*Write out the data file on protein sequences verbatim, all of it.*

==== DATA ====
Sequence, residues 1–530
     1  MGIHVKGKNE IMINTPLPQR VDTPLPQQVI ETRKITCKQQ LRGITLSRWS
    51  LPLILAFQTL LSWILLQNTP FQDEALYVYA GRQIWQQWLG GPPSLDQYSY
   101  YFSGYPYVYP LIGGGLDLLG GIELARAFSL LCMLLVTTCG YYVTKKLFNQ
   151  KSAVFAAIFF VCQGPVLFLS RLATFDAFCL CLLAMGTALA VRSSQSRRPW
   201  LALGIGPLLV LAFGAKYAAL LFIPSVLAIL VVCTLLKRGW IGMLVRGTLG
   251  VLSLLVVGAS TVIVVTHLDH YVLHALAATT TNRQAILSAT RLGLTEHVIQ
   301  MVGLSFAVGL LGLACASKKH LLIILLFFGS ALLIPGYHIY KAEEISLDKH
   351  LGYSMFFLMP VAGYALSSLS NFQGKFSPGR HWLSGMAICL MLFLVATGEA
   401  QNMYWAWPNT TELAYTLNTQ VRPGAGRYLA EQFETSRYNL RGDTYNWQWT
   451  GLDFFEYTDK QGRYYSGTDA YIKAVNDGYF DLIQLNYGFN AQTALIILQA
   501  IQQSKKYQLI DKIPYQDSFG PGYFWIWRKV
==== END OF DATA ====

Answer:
Sequence, residues 1–530
     1  MGIHVKGKNE IMINTPLPQR VDTPLPQQVI ETRKITCKQQ LRGITLSRWS
    51  LPLILAFQTL LSWILLQNTP FQDEALYVYA GRQIWQQWLG GPPSLDQYSY
   101  YFSGYPYVYP LIGGGLDLLG GIELARAFSL LCMLLVTTCG YYVTKKLFNQ
   151  KSAVFAAIFF VCQGPVLFLS RLATFDAFCL CLLAMGTALA VRSSQSRRPW
   201  LALGIGPLLV LAFGAKYAAL LFIPSVLAIL VVCTLLKRGW IGMLVRGTLG
   251  VLSLLVVGAS TVIVVTHLDH YVLHALAATT TNRQAILSAT RLGLTEHVIQ
   301  MVGLSFAVGL LGLACASKKH LLIILLFFGS ALLIPGYHIY KAEEISLDKH
   351  LGYSMFFLMP VAGYALSSLS NFQGKFSPGR HWLSGMAICL MLFLVATGEA
   401  QNMYWAWPNT TELAYTLNTQ VRPGAGRYLA EQFETSRYNL RGDTYNWQWT
   451  GLDFFEYTDK QGRYYSGTDA YIKAVNDGYF DLIQLNYGFN AQTALIILQA
   501  IQQSKKYQLI DKIPYQDSFG PGYFWIWRKV